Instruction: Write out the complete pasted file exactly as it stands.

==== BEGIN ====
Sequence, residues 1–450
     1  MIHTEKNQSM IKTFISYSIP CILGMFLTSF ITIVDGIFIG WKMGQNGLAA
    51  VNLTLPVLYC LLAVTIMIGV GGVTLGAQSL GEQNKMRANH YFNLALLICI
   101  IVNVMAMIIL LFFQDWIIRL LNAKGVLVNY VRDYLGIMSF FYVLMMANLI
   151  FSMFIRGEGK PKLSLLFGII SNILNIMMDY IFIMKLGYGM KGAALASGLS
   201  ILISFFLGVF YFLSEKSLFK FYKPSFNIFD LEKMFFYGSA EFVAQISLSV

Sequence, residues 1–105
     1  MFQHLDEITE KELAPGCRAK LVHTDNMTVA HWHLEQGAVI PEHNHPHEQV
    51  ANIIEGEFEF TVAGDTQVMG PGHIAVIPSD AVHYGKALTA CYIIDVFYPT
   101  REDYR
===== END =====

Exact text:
Sequence, residues 1–450
     1  MIHTEKNQSM IKTFISYSIP CILGMFLTSF ITIVDGIFIG WKMGQNGLAA
    51  VNLTLPVLYC LLAVTIMIGV GGVTLGAQSL GEQNKMRANH YFNLALLICI
   101  IVNVMAMIIL LFFQDWIIRL LNAKGVLVNY VRDYLGIMSF FYVLMMANLI
   151  FSMFIRGEGK PKLSLLFGII SNILNIMMDY IFIMKLGYGM KGAALASGLS
   201  ILISFFLGVF YFLSEKSLFK FYKPSFNIFD LEKMFFYGSA EFVAQISLSV

Sequence, residues 1–105
     1  MFQHLDEITE KELAPGCRAK LVHTDNMTVA HWHLEQGAVI PEHNHPHEQV
    51  ANIIEGEFEF TVAGDTQVMG PGHIAVIPSD AVHYGKALTA CYIIDVFYPT
   101  REDYR